The Area Studied During the last four years of war the British military base in France has included practically all the seaports from Calais to Le Havre, and the roughly triangular area between this coast and the part of the front held by them was traversed by their lines of communication and occupied by base depots, training camps, hospitals, rest camps, railway construction troops, and other auxiliary forces to an extent which involved a very large temporary increase in its normal population. It is nearly all underlain by the chalk formation, with the exception of Jurassic areas around Boulogne and to the southwest of Amiens, a Tertiary area which covers the Belgian part of the front and extends nearly as far west as Calais, and another between the Somme and Canche rivers to the north of Amiens. To the south of the line of highlands which runs southeastwardly from Cape Gris Nez the . . .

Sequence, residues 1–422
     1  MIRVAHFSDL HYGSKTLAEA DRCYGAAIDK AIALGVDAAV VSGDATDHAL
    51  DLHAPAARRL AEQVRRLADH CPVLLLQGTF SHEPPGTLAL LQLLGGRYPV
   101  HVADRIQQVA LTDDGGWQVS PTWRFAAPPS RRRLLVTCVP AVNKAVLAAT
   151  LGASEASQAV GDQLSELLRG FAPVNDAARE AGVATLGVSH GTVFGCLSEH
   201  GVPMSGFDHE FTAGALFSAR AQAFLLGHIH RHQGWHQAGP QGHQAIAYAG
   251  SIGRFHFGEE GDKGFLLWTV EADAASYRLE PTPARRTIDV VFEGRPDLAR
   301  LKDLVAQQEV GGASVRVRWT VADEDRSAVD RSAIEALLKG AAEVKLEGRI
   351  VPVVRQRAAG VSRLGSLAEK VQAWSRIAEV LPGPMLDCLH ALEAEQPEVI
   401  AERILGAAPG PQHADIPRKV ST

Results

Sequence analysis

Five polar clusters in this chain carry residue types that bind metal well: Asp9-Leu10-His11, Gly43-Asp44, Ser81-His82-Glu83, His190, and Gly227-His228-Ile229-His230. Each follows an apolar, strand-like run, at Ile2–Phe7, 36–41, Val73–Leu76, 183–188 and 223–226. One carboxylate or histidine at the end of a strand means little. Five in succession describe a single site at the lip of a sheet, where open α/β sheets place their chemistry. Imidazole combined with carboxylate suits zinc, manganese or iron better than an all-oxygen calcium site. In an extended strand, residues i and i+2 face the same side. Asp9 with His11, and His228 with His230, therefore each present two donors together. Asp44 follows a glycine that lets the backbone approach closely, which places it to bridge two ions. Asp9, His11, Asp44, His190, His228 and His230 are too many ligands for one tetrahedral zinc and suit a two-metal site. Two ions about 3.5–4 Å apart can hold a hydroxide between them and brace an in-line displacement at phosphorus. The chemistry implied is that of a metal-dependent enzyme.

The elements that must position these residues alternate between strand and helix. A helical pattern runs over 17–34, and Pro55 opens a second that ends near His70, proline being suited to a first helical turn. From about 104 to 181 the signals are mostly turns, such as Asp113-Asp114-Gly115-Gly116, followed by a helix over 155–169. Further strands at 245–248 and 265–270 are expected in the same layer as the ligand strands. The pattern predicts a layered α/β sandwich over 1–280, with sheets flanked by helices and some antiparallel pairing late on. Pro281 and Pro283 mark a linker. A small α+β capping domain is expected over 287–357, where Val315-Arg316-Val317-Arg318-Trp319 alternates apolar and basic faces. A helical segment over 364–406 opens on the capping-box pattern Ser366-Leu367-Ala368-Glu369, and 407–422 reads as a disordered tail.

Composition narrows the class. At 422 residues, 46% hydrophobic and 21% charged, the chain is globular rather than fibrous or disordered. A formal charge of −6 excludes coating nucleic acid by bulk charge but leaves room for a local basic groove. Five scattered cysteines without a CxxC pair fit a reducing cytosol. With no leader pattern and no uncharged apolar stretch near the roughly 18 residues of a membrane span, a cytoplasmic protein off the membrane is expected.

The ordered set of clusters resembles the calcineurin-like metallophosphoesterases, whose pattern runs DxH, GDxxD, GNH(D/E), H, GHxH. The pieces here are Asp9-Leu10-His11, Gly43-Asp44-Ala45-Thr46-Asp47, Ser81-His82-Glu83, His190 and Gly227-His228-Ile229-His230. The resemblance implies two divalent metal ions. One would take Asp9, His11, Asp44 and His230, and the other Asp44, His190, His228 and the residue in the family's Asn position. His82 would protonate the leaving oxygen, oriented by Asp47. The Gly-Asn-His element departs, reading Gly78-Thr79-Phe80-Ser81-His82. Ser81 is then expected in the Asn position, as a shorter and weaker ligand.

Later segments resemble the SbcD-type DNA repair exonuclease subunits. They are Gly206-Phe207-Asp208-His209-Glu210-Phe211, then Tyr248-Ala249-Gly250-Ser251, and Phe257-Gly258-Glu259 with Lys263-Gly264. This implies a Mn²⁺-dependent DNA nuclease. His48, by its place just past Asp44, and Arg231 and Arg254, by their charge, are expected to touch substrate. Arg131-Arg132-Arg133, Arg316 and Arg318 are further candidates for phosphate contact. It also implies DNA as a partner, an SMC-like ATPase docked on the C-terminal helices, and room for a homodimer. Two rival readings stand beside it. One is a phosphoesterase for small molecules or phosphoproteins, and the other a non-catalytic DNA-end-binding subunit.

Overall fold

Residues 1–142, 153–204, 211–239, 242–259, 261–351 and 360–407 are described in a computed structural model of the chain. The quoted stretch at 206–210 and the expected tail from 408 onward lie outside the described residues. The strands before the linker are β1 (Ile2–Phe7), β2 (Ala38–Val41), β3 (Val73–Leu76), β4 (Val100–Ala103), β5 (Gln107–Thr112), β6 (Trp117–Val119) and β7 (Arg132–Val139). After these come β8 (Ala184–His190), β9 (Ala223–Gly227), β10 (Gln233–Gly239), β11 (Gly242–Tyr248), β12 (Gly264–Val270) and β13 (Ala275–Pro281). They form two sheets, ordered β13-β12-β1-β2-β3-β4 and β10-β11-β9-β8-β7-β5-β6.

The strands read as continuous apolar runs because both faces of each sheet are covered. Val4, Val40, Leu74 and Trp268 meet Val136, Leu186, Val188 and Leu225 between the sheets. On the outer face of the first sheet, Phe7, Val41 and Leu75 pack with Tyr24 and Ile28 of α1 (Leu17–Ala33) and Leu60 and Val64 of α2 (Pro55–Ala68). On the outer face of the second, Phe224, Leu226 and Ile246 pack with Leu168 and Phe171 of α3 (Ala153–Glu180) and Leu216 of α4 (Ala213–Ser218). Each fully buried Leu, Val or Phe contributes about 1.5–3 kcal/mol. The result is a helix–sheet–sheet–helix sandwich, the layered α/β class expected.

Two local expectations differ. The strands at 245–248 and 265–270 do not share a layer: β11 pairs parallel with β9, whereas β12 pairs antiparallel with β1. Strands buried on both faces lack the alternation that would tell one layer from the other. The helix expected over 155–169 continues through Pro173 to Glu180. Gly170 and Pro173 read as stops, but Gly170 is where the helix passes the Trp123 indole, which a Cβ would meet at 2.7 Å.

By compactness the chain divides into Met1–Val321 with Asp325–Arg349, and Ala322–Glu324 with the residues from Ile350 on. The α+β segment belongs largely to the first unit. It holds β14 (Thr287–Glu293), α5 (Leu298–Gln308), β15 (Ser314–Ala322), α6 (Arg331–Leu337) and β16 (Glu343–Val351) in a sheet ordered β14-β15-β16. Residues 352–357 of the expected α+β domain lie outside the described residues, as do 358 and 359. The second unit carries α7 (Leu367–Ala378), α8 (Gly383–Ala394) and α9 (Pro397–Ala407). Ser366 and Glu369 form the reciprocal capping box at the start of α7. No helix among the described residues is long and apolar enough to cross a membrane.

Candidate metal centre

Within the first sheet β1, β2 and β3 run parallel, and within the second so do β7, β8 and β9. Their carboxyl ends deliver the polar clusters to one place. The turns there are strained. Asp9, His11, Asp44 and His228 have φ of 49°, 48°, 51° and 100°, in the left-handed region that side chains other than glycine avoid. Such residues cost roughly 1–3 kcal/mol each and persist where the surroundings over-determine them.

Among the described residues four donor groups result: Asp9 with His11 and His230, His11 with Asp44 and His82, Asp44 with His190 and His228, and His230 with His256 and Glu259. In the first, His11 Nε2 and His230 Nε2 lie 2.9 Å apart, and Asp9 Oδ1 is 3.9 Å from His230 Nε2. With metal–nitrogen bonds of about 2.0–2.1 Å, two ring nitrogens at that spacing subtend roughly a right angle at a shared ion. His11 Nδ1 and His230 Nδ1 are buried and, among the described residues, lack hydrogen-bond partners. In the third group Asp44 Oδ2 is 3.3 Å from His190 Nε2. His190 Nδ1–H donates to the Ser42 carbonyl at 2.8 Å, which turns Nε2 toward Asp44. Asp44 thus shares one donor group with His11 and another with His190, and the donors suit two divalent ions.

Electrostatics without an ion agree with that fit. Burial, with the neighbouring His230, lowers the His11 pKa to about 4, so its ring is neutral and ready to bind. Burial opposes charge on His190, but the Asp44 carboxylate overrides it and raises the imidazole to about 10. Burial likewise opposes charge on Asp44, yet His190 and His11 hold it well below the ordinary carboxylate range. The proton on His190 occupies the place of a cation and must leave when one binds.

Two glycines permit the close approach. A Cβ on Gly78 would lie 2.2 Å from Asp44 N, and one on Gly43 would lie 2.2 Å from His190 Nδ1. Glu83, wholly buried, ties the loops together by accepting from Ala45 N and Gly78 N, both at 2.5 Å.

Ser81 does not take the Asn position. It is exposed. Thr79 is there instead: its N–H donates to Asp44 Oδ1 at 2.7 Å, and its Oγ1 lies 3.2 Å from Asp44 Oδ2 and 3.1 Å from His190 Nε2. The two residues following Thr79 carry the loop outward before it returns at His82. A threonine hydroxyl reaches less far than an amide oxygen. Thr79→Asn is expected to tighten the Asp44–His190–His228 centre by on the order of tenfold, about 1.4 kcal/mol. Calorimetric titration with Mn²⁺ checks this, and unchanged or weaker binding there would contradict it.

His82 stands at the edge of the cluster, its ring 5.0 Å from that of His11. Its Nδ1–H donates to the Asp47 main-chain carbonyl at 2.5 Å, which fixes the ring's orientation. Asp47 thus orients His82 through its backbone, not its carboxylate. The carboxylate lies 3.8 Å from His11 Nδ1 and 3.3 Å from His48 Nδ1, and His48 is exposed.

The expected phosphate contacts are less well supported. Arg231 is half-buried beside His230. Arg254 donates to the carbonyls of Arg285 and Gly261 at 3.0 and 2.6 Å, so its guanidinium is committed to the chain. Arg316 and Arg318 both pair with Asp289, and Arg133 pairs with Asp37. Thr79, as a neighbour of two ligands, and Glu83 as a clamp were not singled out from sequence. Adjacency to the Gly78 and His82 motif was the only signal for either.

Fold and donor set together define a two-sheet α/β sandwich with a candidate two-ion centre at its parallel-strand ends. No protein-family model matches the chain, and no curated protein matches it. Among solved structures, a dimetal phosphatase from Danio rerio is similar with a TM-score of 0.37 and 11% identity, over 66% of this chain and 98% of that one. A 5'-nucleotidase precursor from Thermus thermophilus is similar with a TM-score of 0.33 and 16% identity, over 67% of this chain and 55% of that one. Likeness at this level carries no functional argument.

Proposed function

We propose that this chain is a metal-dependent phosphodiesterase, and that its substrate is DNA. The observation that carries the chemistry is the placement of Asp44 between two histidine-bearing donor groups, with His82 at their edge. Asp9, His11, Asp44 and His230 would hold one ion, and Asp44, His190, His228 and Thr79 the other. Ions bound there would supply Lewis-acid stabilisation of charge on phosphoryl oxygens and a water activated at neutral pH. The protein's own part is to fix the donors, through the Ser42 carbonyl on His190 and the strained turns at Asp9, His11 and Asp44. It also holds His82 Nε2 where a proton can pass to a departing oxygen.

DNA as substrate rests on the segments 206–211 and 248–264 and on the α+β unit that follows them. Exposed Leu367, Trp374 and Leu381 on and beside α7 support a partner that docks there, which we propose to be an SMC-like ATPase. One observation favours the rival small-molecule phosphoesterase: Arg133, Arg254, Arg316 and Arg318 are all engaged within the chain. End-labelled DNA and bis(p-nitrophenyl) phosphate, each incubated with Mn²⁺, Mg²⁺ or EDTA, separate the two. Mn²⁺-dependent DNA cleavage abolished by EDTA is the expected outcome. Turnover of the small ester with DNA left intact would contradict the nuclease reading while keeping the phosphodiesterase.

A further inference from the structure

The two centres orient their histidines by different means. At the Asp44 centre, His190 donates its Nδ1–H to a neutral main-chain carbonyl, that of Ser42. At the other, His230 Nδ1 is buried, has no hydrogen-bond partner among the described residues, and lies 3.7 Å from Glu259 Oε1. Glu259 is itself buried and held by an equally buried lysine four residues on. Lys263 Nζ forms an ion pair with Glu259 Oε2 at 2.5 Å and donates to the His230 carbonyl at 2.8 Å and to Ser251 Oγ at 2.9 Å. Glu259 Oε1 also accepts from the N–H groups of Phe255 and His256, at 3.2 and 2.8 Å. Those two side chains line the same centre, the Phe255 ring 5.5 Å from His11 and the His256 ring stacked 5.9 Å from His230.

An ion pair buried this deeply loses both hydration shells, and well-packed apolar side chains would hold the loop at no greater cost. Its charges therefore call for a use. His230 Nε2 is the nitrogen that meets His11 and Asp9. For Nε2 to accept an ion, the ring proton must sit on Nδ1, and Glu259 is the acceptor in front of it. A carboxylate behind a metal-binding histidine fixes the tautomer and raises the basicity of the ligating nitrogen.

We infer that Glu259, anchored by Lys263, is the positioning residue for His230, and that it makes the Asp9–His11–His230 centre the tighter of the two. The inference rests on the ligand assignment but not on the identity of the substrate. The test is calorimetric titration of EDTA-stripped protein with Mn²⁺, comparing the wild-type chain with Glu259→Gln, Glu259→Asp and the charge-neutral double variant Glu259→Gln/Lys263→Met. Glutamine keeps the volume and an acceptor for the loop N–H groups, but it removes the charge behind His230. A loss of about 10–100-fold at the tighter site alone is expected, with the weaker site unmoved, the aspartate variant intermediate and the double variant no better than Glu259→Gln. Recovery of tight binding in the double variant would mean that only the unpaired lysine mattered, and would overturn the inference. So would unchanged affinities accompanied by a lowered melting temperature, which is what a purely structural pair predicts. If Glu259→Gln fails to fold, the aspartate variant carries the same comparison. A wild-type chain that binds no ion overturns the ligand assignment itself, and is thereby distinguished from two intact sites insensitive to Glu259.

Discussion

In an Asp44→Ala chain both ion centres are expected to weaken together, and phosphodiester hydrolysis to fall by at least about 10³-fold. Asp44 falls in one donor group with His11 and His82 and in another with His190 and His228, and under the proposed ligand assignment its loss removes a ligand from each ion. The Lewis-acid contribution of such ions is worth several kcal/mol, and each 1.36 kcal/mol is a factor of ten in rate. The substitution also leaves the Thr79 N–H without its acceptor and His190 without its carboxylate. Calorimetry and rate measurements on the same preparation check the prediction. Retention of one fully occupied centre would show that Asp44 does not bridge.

- Received 15 January 1919.
- © 1919 Geological Society of America